Fact Sheet
Bureau of Public Affairs
March 3, 2011

See updated fact sheet .

“And the United States remains committed to helping the Mexican Government go after the cartels and organized crime and the corruption they generate….. Our goal is … to provide support and help to enable our Mexican friends and partners to be as successful as they are seeking to be. And we will continue, through the Merida Initiative, to provide significant support.” --Secretary of State Hillary Rodham Clinton

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The Four Pillars of Merida:
1. Disrupt Organized Criminal Groups
2. Strengthen Institutions
3. Build a 21st Century Border
4. Build Strong and Resilient Communities

The Merida Initiative is an unprecedented partnership between the United States and Mexico to fight organized crime and associated violence while furthering respect for human rights and the rule of law. Based on principles of shared responsibility, mutual trust, and respect for sovereign independence, the two countries’ efforts have built confidence that is transforming the bilateral relationship.

Enhancing Citizen Safety
Beginning with the Merida Initiative and its expansion called “Beyond Merida,” the United States has forged strong partnerships to improve citizen safety in affected areas to fight drug trafficking, organized crime, corruption, illicit arms trafficking, money-laundering, and demand for drugs on both sides of the border.

Under “Beyond Merida,” bilateral efforts are being accelerated to support stronger democratic institutions, especially police, justice systems, and civil society organizations; to expand our border focus beyond interdiction of contraband to include facilitation of legitimate trade and travel; and to build strong and resilient communities able to withstand the pressures of crime and violence.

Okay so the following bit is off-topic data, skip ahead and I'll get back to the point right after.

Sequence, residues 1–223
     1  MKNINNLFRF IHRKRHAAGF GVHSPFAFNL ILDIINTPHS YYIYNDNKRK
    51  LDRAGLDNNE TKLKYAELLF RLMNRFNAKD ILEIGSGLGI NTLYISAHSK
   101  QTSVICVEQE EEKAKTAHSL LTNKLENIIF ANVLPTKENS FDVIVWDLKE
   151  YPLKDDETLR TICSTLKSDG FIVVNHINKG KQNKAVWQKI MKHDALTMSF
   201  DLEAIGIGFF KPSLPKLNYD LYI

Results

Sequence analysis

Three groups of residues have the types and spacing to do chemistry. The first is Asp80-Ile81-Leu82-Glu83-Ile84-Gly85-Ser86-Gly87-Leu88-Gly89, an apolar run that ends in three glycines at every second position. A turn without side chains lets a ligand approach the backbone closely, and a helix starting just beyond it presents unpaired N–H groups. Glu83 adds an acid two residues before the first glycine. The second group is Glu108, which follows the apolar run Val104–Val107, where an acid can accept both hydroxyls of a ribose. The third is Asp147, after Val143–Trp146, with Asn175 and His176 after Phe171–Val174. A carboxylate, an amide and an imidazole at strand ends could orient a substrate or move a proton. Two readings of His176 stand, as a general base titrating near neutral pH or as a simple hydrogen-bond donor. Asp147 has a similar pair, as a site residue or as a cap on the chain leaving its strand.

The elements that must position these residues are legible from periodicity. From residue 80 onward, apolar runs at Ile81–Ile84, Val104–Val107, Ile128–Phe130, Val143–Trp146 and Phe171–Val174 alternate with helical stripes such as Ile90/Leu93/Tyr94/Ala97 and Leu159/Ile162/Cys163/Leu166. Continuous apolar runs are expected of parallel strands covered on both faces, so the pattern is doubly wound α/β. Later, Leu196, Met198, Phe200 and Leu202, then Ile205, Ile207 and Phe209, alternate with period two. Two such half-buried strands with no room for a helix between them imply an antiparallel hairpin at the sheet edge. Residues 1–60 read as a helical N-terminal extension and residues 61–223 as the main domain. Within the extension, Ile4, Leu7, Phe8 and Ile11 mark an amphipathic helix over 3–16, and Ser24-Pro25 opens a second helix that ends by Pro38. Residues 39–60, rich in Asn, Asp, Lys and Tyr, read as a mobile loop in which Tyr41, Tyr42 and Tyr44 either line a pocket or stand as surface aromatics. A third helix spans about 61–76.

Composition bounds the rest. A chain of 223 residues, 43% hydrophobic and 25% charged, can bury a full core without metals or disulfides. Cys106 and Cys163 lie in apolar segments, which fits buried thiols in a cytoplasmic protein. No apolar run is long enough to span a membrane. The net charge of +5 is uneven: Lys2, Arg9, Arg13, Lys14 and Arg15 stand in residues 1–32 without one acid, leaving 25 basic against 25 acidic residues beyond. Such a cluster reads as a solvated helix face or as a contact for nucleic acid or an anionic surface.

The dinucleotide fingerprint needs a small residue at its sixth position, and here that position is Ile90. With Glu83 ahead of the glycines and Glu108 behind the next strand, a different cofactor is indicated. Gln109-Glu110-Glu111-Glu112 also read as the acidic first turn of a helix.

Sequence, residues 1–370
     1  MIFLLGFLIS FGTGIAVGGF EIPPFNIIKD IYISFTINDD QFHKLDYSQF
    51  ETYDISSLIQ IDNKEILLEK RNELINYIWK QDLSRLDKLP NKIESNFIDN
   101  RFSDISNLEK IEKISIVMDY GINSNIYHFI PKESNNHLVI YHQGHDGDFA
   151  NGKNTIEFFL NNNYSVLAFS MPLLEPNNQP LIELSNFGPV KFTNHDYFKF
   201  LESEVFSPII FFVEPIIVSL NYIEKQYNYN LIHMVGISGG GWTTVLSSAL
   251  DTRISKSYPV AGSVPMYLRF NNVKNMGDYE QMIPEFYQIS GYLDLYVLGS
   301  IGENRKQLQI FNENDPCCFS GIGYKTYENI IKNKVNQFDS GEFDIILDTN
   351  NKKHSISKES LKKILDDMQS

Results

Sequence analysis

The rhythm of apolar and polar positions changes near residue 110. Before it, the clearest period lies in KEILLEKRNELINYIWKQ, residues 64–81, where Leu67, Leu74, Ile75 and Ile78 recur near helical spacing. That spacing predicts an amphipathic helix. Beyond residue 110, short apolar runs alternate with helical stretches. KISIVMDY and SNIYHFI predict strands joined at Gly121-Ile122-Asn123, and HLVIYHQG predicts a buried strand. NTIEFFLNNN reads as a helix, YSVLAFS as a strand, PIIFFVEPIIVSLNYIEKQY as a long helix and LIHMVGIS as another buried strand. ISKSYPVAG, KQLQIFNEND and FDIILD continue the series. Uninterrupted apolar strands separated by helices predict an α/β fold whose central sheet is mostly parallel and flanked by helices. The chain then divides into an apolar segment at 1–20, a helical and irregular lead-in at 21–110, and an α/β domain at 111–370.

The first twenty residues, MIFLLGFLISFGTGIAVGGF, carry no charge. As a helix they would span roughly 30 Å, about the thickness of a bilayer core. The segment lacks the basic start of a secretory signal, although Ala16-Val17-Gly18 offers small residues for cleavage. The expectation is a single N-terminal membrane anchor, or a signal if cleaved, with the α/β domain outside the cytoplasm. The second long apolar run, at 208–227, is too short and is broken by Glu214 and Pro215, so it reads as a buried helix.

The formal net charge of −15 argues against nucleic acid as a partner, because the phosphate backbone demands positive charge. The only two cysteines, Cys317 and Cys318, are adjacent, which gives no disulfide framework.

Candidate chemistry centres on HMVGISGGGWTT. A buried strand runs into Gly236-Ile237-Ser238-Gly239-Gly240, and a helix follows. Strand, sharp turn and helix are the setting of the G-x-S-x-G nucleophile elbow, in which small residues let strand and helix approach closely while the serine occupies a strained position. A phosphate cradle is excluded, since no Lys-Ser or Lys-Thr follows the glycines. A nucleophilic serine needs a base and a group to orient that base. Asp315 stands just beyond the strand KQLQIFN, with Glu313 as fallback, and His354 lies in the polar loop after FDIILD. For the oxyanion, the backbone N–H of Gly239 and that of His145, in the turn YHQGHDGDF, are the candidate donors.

Merida Programs and Activities
The U.S. Congress has appropriated $1.5 billion since the Merida Initiative began in Fiscal Year 2008. Under the partnership;

  • The United States is supporting Mexico’s implementation of comprehensive justice sector reforms through the training of justice sector personnel including police, prosecutors, and defenders, correction systems development, judicial exchanges, and partnerships between Mexican and U.S. law schools.
  • The U.S. Agency for International Development (USAID) is partnering with the Government of Mexico and civil society to promote the rule of law and build strong and resilient communities by supporting the implementation of Mexico’s new justice system; increasing knowledge of, and respect for, human rights; strengthening social networks and community cohesion; addressing the needs of vulnerable populations (youth and victims of crime); and increasing community and government cooperation.
  • Air mobility has been increased through the delivery of eight Bell helicopters to the Mexican Army/Air Force and three UH-60M Black Hawk helicopters to the Federal Police to provide for rapid transport of personnel for counternarcotics and other security operations.
  • The U.S. Government has provided scanners, X-ray machines, and other non-intrusive inspection equipment to enhance Mexican authorities’ ability to detect illicit goods at key checkpoints of land and air ports of entry. n The Mexican government has established a corrections academy to train Mexican federal correctional staff at Xalapa in Mexico’s Veracruz state.